A few months ago, the only Antietam Dustin Romey knew anything about was the Civil War battle in the small Western Maryland town.
But now the Chesapeake High School senior has learned of another Antietam -- a battleship that was one of the last American warships with sails.
As a student enrolled in a mentorship program with the U.S. Naval Academy, Dustin has spent the summer learning the history of famous ships and writing brief narratives that will be used by the academy's museum.
About 35 county high school students are enrolled in the program, a cooperative venture between the Naval Academy and the Anne Arundel Board of Education. Students fill out applications from the Board of Education and are chosen by Naval Academy instructors. They do not receive a grade but can earn high school credit for participating in the program.
In the past, students have assisted in such academic departments as political science and engineering.
This summer was the first time the program was extended to the museum.
Dustin, 16, was the museum's first intern. He heard about the mentorship program in the spring while attending the Naval Academy Foreign Affairs Conference.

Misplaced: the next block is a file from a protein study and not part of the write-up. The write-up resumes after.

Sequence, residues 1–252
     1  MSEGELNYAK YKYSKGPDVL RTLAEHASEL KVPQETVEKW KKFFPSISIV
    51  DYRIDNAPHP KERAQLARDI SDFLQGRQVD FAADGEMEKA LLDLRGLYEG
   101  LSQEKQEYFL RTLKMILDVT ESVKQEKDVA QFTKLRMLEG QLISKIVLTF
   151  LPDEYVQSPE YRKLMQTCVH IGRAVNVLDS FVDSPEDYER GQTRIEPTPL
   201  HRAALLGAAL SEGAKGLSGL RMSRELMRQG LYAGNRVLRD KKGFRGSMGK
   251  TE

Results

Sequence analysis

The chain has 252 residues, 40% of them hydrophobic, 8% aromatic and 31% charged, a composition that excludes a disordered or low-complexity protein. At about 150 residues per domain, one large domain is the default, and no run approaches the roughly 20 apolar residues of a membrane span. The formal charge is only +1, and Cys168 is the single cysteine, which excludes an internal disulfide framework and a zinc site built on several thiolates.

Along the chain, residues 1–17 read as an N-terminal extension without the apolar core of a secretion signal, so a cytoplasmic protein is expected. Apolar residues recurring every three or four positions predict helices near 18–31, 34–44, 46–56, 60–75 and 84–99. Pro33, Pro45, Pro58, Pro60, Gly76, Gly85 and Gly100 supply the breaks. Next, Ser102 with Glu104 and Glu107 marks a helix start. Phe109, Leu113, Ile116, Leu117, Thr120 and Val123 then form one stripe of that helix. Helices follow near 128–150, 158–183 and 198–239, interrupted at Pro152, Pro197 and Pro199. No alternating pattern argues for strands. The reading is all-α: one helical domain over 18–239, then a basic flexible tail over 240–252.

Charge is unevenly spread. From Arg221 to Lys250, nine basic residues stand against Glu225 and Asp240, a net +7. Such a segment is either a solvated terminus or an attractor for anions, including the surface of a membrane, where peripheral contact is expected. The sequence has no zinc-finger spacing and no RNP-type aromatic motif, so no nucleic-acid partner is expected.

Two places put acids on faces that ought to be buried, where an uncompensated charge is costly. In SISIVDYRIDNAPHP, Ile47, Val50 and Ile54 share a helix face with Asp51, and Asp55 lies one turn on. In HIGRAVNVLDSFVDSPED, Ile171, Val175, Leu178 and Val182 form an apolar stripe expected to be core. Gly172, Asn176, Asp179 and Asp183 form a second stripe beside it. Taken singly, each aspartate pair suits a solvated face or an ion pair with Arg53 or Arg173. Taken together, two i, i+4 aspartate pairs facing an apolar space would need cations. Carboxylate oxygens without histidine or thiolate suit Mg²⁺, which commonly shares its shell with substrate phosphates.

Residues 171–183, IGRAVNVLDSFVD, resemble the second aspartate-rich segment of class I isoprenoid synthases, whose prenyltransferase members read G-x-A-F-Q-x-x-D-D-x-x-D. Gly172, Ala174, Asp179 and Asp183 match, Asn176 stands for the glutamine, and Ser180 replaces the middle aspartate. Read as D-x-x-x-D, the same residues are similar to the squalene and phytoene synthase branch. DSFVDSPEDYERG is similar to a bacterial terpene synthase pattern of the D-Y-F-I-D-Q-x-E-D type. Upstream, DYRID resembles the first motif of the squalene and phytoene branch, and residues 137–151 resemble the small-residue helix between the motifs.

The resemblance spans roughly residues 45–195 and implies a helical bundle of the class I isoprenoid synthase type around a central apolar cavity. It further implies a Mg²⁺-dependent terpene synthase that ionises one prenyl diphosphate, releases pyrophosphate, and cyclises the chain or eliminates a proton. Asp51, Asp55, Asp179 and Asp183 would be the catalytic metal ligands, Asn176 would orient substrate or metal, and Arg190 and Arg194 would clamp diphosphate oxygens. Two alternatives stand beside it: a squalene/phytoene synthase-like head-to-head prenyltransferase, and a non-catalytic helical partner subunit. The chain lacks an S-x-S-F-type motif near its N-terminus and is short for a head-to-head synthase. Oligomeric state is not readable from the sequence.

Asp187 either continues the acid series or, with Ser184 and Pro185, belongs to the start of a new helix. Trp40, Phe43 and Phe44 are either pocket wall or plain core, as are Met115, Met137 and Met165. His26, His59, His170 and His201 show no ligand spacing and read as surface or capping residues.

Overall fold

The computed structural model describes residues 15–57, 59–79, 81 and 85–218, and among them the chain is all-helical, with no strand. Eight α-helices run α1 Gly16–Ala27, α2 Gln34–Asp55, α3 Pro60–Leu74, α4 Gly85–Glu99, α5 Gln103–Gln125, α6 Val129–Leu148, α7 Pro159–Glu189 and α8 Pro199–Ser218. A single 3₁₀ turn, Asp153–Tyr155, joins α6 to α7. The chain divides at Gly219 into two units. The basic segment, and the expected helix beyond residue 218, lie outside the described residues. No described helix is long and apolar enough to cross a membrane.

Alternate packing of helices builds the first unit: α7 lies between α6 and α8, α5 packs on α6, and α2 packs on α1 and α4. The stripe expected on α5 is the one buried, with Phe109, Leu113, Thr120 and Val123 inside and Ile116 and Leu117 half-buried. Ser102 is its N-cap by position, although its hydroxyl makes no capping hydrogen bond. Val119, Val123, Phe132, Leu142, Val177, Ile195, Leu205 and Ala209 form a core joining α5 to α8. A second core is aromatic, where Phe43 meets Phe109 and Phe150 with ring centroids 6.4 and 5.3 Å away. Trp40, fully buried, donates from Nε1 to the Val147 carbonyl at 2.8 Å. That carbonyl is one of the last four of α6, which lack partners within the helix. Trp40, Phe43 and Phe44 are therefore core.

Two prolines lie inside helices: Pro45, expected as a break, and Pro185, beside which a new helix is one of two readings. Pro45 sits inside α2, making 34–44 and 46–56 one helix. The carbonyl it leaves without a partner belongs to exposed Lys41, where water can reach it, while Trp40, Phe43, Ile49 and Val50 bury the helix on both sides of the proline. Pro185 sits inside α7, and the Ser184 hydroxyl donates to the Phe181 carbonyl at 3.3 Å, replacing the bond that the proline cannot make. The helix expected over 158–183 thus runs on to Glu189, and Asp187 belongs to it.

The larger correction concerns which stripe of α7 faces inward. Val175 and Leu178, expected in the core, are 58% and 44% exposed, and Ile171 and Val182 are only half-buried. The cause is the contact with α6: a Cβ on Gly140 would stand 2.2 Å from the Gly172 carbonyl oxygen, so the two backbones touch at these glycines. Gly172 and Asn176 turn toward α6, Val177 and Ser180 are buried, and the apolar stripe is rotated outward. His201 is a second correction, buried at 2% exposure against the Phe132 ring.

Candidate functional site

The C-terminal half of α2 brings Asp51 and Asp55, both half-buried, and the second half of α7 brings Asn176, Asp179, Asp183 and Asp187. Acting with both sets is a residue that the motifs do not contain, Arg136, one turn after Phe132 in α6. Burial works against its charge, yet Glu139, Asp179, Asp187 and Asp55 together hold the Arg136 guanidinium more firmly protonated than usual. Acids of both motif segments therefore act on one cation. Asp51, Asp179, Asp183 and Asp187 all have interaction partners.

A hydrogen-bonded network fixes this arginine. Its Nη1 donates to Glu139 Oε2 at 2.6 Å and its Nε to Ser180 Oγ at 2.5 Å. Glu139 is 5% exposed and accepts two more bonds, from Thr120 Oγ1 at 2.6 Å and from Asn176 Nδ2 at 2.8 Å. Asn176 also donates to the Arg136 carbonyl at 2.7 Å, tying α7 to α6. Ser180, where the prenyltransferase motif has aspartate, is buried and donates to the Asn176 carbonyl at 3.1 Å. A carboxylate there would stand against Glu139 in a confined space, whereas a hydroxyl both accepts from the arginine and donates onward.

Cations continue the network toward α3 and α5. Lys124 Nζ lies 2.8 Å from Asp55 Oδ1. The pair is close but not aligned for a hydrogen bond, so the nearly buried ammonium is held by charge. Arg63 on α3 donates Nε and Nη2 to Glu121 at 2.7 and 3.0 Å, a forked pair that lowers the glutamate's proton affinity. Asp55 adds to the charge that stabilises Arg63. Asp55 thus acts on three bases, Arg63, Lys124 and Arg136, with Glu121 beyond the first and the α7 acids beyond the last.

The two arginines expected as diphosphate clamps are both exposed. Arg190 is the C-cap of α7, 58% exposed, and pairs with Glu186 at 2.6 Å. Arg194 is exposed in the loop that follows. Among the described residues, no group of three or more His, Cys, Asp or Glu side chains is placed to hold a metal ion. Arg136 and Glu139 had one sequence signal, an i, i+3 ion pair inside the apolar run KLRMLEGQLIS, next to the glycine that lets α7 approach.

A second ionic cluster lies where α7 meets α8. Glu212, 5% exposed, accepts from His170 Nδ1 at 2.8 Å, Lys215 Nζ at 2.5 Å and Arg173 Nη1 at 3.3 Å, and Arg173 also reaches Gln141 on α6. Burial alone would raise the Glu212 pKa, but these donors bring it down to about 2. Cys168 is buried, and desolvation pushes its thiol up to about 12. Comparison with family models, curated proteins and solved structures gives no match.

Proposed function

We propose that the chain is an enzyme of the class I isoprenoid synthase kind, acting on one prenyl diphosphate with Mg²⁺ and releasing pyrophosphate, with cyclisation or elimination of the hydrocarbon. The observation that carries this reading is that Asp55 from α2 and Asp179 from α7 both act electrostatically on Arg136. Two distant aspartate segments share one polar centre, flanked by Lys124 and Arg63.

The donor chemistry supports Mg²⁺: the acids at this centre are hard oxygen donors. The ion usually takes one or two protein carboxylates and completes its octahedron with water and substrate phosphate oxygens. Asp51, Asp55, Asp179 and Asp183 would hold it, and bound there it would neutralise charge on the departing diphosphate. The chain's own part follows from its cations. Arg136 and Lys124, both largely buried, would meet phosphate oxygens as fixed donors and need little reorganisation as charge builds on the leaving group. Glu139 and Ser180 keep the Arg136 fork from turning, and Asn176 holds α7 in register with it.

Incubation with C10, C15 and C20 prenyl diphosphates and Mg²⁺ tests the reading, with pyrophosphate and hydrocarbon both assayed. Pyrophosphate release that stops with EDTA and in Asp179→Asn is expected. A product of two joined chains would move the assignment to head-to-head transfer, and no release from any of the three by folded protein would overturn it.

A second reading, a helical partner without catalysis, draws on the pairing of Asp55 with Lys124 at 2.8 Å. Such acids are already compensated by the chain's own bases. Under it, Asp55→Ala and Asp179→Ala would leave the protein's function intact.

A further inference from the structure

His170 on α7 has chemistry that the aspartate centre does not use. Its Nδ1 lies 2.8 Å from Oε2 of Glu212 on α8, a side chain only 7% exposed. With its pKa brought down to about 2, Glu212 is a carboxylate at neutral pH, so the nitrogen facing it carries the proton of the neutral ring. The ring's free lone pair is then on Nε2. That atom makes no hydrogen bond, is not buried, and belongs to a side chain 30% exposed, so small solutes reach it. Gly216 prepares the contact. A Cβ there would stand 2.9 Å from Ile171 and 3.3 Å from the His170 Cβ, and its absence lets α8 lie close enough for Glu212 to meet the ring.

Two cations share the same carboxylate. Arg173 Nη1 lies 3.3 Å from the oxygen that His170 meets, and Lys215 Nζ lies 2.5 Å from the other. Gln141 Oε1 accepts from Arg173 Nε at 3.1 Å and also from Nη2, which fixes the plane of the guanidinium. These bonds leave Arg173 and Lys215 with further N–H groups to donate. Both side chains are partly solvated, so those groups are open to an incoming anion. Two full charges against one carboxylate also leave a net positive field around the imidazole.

The Pasadena teen-ager spent six to 10 hours a week researching the history of ships and writing the script for a video program at the museum.
He has already written a short history of the Merrimac and Monitor, warships that fought to a draw during the first naval battle ever between ironclads. This fall, he will research the history of the Antietam, built near the end of the Civil War.
Although he didn't know a lot about naval history when he started, Dustin said, "It's gotten more interesting as I've learned more about it."
He said he was thrilled to discover artifacts in the museum's collection that were mentioned in the histories he read.
The most difficult aspect of the work has been fitting it into his schedule. Besides school, Dustin is active in sports and clubs and holds down a part-time job.
Dustin has applied for admission to the academy, where he hopes to study engineering.
Allison McGuire, the museum's other student intern, said she isn't the military type, but nevertheless is looking forward to working at the academy this fall.
The 17-year-old Arundel High senior started work this week, helping to catalog the museum's art collection and write a visitor's brochure.
With an interest in writing and photography, she said she hoped to improve those skills at the museum.
Allison originally applied to work in the academy's political science department, but when a position wasn't available there, she looked to the museum.
Yesterday, on her first day of work, she said she didn't quite know what to expect. "I'm kind of going in blind," she said.